Evangelicals believe that the church fathers held a wide variety of beliefs, so we don't expect as much consistency as the Catholic view of church history would require.

Who cares about "as much consistency?" You're talking about a ridiculous degree of inconsistency, a degree of inconsistency so massive that no historian would endorse it without overwhelming evidence in its favor. And you're telling me that you have no OBJECTIVE reason for thinking that there's this sort of inconsistency? Just some namby-pamby "men can err" excuse? Doesn't that sound a little unreasonable to you? In fact, doesn't it sound EXACTLY like what you called an "unreasonable objection" from Catholics?

Claiming that the church fathers were allowed to disagree with modern Catholic teaching at that time, since no infallible ruling had been made on the issue yet. By that reasoning, we would conclude that Christians could believe anything during the first 300 years of church history, since there was no infallible papal decree or ecumenical council during that time. If apostolic teaching was being passed down in an unbroken succession, there isn't any reason to expect any bishop, much less a large number of bishops, to be ignorant of it, regardless of whether any allegedly infallible ruling had been passed on the subject. Saying that people had freedom to disagree with the RCC at that time doesn't change the fact that the doctrine is being contradicted, and that it should have been known across the Christian world if it was one of the apostolic teachings being passed down in the presence of many witnesses (2 Timothy 2:2)

Yeah, but they just missed that whole Galatians 1 thing. Whatever. Between this and the mindless response to Perry Robinson's argument, you start to wonder how much cognitive dissonance can possibly be sustained in someone's head before it explodes.


SecretAgentMan said...

"We view the church fathers as people who taught a combination of truth and error that doesn't completely align with any modern belief system."Yes, of course, because the patristic combination of truth and error underwent what Mr. Engwer's comments have identified as a ‘narrowing' of ‘allowable diversity.' Newman has the same thesis, of course, except that it's accompanied by an actual theoretical/historical mechanism which accomplishes the ‘narrowing' process in a consistent way. What perplexes me about his comments on the Fathers is his apparent contention that while this ‘narrowing of allowable diversity' may be recognized for the purposes of demonstrating Protestant fidelity to an historic Christianity, the presence in that same history of anything which might be subjected to the ‘narrowing' process is to be regarded as positive proof that the Romand Catholic Church has no authentic and viable root in a patristic understanding of the Gospel. To the extent that Mr. Engwer's studies demonstrate that the patristic corpus is not a simple and seamless adumbration of Vatican I's Dogmatic Constitution or the 1997 Catechism, they are a healthy corrective for overconfident and misinformed Catholics and a wholesome invitation to Protestants to abandon the endemic ahistoricism of their traditions. To the extent that his studies have encouraged him to declaim as though Protestantism has an answer to Newman, they have as yet produced no evidence of such an answer.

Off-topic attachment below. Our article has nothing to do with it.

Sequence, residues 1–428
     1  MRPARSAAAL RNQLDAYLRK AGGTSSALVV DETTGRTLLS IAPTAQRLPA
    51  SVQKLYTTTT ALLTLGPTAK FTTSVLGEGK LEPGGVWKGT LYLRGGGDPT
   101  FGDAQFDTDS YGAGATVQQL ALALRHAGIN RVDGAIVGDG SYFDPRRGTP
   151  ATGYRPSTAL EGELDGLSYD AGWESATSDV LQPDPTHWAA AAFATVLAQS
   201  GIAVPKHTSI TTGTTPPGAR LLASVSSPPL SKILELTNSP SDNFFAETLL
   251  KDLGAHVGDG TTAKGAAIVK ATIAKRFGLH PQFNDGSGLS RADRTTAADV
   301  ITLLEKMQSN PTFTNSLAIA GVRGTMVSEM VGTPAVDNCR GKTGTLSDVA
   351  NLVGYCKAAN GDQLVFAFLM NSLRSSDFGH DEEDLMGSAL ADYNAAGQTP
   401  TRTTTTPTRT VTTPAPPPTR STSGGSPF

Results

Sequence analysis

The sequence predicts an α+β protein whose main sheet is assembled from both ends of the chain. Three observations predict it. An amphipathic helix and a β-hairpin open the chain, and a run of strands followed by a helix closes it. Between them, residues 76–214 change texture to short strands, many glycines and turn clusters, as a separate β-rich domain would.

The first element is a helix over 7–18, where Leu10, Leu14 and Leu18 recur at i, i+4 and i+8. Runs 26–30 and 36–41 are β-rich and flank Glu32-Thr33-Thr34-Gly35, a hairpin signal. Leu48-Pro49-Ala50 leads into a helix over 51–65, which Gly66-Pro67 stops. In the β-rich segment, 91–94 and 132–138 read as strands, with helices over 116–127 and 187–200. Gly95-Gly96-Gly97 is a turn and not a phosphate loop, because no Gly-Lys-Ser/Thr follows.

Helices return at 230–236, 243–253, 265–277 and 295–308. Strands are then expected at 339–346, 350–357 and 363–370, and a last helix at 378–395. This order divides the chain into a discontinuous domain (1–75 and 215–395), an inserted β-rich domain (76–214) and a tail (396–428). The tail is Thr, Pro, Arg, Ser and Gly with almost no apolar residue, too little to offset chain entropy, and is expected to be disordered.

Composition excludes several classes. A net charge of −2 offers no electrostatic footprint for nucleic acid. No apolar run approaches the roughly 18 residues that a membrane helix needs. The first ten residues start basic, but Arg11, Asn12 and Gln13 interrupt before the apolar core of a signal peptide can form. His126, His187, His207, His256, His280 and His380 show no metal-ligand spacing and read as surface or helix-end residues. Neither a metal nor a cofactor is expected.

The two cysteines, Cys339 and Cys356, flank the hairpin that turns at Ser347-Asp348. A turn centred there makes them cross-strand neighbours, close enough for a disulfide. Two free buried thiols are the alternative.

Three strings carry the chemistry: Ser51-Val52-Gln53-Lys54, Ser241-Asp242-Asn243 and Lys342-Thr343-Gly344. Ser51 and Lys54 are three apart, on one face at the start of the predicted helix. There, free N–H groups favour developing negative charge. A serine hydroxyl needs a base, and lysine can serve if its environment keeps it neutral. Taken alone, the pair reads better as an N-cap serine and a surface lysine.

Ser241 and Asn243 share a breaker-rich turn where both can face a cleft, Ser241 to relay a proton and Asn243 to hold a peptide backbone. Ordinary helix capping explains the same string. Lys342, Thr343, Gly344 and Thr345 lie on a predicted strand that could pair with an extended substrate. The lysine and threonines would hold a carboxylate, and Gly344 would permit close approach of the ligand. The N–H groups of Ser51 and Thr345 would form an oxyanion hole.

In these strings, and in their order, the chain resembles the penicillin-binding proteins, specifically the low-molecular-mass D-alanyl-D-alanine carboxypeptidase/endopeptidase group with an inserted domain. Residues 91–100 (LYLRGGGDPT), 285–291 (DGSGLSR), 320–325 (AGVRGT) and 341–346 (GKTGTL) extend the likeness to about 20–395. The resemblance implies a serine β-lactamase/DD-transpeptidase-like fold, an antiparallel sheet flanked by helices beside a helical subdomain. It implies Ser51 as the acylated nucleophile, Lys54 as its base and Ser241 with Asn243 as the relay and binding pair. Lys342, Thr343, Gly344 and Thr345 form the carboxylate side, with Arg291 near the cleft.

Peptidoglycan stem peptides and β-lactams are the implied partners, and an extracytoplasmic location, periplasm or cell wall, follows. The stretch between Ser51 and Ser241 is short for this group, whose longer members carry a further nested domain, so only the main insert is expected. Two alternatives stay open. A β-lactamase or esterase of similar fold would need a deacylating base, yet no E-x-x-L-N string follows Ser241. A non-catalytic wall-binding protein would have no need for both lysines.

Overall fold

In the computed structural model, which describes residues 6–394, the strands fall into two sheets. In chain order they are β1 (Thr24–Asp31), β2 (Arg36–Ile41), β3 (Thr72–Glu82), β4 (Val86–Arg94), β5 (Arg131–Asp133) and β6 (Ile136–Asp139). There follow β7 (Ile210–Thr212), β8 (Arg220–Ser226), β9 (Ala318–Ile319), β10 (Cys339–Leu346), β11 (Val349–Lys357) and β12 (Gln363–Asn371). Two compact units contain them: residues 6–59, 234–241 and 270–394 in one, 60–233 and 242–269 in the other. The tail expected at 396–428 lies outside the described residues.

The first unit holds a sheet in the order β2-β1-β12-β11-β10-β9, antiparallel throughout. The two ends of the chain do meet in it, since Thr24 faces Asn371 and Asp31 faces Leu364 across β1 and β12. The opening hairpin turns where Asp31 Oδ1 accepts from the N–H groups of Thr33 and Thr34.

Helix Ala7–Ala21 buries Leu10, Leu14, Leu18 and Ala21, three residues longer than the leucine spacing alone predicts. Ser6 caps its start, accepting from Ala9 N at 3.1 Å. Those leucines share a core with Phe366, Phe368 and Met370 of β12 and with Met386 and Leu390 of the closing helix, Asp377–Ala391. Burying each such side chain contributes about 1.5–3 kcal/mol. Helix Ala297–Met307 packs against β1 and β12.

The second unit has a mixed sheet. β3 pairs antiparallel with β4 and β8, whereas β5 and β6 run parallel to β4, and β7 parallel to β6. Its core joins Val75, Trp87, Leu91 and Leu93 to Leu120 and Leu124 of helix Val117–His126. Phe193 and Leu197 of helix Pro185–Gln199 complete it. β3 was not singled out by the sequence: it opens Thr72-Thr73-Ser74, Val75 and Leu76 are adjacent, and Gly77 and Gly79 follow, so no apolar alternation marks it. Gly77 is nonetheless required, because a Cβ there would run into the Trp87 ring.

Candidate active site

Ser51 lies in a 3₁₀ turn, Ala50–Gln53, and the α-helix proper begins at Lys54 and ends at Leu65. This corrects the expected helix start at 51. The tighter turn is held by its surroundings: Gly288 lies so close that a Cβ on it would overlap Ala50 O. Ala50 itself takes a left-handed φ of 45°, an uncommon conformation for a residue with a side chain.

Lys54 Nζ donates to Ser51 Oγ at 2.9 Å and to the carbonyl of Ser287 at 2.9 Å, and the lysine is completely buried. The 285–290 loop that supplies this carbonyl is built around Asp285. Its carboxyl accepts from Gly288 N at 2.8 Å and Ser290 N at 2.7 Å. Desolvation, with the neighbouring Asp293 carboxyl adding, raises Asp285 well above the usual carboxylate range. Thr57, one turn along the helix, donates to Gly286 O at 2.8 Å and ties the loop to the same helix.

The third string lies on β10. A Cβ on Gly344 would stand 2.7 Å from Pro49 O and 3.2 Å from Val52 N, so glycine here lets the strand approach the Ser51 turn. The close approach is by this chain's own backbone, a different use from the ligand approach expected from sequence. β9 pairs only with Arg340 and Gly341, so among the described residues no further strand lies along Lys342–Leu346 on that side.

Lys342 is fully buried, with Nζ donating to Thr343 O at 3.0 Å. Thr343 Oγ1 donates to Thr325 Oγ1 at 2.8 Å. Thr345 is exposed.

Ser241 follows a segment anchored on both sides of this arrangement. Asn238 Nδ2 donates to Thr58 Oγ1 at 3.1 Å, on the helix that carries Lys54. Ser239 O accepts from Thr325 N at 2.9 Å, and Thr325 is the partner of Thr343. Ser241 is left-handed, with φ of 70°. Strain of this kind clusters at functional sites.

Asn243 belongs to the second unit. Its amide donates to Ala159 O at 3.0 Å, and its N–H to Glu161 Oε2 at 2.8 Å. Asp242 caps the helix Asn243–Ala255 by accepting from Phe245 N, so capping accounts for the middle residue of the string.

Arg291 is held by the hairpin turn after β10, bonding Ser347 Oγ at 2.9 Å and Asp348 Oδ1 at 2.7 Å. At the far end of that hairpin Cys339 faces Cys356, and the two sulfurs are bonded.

Anonymous said...

Patrick here. For what it's worth, it seems to me that you (and Perry, too) are asking exactly the right kinds questions about the sustainability of Jason's answer to my simple question about justification and the Creed, and the related issues that have arisen on that thread. I'm glad you've written this blog entry, and I hope Jason might read it and give a careful and straightforward reply to it. I think that could lead to a very fruitful discussion.